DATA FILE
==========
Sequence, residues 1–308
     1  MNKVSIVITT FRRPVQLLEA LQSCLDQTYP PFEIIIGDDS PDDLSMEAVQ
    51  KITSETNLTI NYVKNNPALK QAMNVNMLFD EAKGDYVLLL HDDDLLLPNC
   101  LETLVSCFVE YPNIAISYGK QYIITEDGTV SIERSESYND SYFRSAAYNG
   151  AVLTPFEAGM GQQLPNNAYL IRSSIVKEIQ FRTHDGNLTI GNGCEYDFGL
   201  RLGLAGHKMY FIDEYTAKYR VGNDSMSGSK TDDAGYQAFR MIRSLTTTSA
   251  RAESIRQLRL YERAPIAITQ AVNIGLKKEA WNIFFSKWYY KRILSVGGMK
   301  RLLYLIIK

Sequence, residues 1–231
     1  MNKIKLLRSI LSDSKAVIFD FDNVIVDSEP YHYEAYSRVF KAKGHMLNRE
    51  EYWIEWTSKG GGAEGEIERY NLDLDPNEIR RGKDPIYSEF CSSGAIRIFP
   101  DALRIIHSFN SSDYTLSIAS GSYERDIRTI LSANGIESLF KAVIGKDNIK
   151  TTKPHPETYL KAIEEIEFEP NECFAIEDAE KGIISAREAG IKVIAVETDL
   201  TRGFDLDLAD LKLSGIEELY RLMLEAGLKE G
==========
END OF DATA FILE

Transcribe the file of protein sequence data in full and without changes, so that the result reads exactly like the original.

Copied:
Sequence, residues 1–308
     1  MNKVSIVITT FRRPVQLLEA LQSCLDQTYP PFEIIIGDDS PDDLSMEAVQ
    51  KITSETNLTI NYVKNNPALK QAMNVNMLFD EAKGDYVLLL HDDDLLLPNC
   101  LETLVSCFVE YPNIAISYGK QYIITEDGTV SIERSESYND SYFRSAAYNG
   151  AVLTPFEAGM GQQLPNNAYL IRSSIVKEIQ FRTHDGNLTI GNGCEYDFGL
   201  RLGLAGHKMY FIDEYTAKYR VGNDSMSGSK TDDAGYQAFR MIRSLTTTSA
   251  RAESIRQLRL YERAPIAITQ AVNIGLKKEA WNIFFSKWYY KRILSVGGMK
   301  RLLYLIIK

Sequence, residues 1–231
     1  MNKIKLLRSI LSDSKAVIFD FDNVIVDSEP YHYEAYSRVF KAKGHMLNRE
    51  EYWIEWTSKG GGAEGEIERY NLDLDPNEIR RGKDPIYSEF CSSGAIRIFP
   101  DALRIIHSFN SSDYTLSIAS GSYERDIRTI LSANGIESLF KAVIGKDNIK
   151  TTKPHPETYL KAIEEIEFEP NECFAIEDAE KGIISAREAG IKVIAVETDL
   201  TRGFDLDLAD LKLSGIEELY RLMLEAGLKE G